Illinois lawmaker proposes taxing landscaping and other lawn services

Illinois lawmaker proposes taxing landscaping and other lawn services

SB 9 is part of the package of bills that make up the Senate “grand bargain,” which would have hiked taxes by $7 billion.

Just as summer weather rolls around, an Illinois state politician has proposed taxing landscaping services.

Senate Bill 9 gained infamy when state Sen. Toi Hutchinson, D-Chicago Heights, filed an amendment to the bill March 2 proposing a 6.25 percent sales tax to cable TV and internet streaming services such as Netflix, but the proposal covers much more.

In fact, SB 9 would apply this 6.25 sales tax to services including:

  • mowing, watering, and aerating lawns
  • weeding
  • mulching
  • raking leaves
  • tree and shrub trimming and removal
  • planting of trees, shrubs, flowering and -flowering plants, and sod; spraying; fertilizer
  • applying chemicals; lawn and garden installation
  • constructing, remodeling, or repairing irrigation or lawn sprinkler systems, patios (other than asphalt, tar, macadam, or poured concrete), walkways (other than asphalt, tar, macadam, or poured concrete), fences, trellises, and retaining walls
  • grading (such as the filling or leveling of topsoil for lawns and gardens)

Hutchinson’s proposal would also apply the tax to snow plowing and removal.

SB 9 is part of the package of bills that make up the Senate “grand bargain,” which would have hiked taxes by $7 billion – including a permanent income tax hike. And the cost drivers that have gotten Illinois into its fiscal mess would have remained almost entirely unchanged.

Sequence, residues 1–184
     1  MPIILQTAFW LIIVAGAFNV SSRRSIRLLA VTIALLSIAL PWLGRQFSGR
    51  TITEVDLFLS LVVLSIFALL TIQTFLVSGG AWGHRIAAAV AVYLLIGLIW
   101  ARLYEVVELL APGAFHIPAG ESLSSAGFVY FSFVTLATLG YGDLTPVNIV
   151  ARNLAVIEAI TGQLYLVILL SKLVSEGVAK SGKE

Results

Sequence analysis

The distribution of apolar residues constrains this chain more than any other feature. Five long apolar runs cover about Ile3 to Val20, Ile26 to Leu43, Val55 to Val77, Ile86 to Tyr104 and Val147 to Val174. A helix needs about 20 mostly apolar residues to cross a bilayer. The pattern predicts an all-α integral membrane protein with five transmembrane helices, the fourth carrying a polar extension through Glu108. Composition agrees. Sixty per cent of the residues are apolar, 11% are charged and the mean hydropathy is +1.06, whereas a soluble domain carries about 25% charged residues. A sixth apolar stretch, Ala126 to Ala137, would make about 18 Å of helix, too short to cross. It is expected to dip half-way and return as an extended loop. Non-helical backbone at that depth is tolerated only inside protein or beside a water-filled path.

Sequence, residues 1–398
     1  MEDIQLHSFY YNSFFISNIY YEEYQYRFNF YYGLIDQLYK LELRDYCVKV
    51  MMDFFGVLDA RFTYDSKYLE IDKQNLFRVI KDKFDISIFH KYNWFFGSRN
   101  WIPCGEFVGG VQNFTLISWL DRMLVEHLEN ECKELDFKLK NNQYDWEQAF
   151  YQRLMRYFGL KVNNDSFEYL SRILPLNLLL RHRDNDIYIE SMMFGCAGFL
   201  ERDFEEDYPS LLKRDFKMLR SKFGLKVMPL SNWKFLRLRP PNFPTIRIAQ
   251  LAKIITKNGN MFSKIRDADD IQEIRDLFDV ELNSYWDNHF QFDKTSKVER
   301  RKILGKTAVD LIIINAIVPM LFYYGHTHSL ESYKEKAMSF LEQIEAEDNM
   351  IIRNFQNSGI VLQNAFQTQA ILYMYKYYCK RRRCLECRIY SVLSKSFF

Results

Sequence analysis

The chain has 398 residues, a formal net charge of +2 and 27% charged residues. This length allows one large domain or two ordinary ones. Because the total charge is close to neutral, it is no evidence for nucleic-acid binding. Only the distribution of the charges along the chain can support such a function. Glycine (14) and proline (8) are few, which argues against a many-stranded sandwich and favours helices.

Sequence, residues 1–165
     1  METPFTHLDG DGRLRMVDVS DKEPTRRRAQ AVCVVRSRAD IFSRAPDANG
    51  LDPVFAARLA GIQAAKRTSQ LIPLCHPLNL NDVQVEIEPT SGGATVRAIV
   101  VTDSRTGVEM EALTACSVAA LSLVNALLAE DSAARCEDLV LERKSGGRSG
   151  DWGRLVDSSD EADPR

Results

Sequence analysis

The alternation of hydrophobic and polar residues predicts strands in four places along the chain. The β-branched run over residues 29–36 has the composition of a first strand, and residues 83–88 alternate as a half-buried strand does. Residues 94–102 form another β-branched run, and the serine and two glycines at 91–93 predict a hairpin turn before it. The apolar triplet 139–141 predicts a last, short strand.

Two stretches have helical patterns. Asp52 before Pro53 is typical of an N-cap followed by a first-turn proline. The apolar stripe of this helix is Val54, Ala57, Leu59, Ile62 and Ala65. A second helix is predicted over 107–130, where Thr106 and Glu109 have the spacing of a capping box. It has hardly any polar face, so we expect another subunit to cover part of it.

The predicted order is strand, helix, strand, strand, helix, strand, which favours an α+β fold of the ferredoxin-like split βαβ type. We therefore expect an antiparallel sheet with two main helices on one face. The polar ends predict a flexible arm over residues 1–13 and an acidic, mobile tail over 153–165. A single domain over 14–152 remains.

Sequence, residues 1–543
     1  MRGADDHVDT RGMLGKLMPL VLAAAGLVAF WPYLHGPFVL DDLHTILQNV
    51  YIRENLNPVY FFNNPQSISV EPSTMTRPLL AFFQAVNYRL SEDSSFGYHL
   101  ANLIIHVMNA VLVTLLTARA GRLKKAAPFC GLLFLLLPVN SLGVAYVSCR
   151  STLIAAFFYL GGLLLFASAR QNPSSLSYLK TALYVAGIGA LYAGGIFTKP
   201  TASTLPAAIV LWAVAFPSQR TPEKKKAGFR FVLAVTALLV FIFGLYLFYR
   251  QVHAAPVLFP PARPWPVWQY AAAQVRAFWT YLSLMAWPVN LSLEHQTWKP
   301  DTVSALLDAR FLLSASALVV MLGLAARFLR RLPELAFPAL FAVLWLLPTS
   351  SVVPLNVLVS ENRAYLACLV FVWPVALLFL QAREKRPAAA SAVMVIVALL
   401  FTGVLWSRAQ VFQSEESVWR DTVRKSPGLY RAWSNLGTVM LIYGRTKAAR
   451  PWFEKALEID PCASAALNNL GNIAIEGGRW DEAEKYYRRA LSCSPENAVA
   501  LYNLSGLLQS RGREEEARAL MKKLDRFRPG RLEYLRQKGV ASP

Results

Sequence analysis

Tax hikes aren’t the answer. The 2011 income tax hike brought in more than $31 billion in new revenue – and nearly 90 cents of every tax hike dollar went to pensions. Yet Illinois’ pension debt has exploded, and today stands at $130 billion.

Two polls Fabrizio, Lee & Associates conducted and the Illinois Policy Institute commissioned found that not only do the majority of likely Illinois voters want the state to close its budget deficit by only cutting spending, but they also support major reforms that would make that possible.

The polls found:

  • 67 percent of Illinoisans surveyed support a permanent property tax freeze that could only be broken by a local vote
  • 78 percent of respondents said current state workers should have the option to leave the pension system and enroll in 401(k)-style retirement savings plans
  • 80 percent of Illinoisans surveyed supported spending cuts as a vehicle to balance the state budget
  • More than half of Illinoisans said spending cuts should be the only tool used to close the budget deficit

Grand bargain stalls, marking opportunity for real reform

By the end of March, the grand bargain had lost all momentum.

The Illinois Policy Institute’s Budget Solutions 2018 gives Illinois homeowners much needed property tax relief by enacting a five-year property tax freeze, while also reforming local spending drivers, like collective bargaining and other expensive state mandates.

The reform budget package also includes a constitutional plan to begin an end to Illinois’ pension crisis by enrolling all new government workers in self-managed retirement plans, and allowing current workers to opt into those 401(k)-style plans, too. This means the state’s broken pension system would eventually be phased out.

Through a combination of structural reforms and eliminating wasteful spending, Budget Solutions presents a balanced budget plan that does not hike taxes, putting Illinois on the path toward fiscal health and economic growth.

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